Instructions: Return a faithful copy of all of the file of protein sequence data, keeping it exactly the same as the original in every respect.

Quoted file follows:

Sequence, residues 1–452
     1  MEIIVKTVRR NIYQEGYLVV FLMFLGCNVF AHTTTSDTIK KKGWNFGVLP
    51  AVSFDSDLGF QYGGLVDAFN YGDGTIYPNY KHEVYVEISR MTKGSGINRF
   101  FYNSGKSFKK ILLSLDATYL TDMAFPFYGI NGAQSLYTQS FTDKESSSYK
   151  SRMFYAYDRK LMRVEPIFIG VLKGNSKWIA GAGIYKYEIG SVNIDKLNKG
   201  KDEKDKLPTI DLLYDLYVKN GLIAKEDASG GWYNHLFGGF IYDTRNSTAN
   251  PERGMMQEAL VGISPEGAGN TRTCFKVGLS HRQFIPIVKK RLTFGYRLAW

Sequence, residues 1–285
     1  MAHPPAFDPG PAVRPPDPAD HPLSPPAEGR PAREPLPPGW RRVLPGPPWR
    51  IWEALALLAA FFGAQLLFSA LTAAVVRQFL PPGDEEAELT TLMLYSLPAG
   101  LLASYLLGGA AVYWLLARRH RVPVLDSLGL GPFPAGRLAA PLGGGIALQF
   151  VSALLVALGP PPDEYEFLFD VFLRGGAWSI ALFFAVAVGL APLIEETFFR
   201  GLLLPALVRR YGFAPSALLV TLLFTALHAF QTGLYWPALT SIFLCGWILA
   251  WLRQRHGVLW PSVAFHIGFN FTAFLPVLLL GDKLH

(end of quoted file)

Sequence, residues 1–452
     1  MEIIVKTVRR NIYQEGYLVV FLMFLGCNVF AHTTTSDTIK KKGWNFGVLP
    51  AVSFDSDLGF QYGGLVDAFN YGDGTIYPNY KHEVYVEISR MTKGSGINRF
   101  FYNSGKSFKK ILLSLDATYL TDMAFPFYGI NGAQSLYTQS FTDKESSSYK
   151  SRMFYAYDRK LMRVEPIFIG VLKGNSKWIA GAGIYKYEIG SVNIDKLNKG
   201  KDEKDKLPTI DLLYDLYVKN GLIAKEDASG GWYNHLFGGF IYDTRNSTAN
   251  PERGMMQEAL VGISPEGAGN TRTCFKVGLS HRQFIPIVKK RLTFGYRLAW

Sequence, residues 1–285
     1  MAHPPAFDPG PAVRPPDPAD HPLSPPAEGR PAREPLPPGW RRVLPGPPWR
    51  IWEALALLAA FFGAQLLFSA LTAAVVRQFL PPGDEEAELT TLMLYSLPAG
   101  LLASYLLGGA AVYWLLARRH RVPVLDSLGL GPFPAGRLAA PLGGGIALQF
   151  VSALLVALGP PPDEYEFLFD VFLRGGAWSI ALFFAVAVGL APLIEETFFR
   201  GLLLPALVRR YGFAPSALLV TLLFTALHAF QTGLYWPALT SIFLCGWILA
   251  WLRQRHGVLW PSVAFHIGFN FTAFLPVLLL GDKLH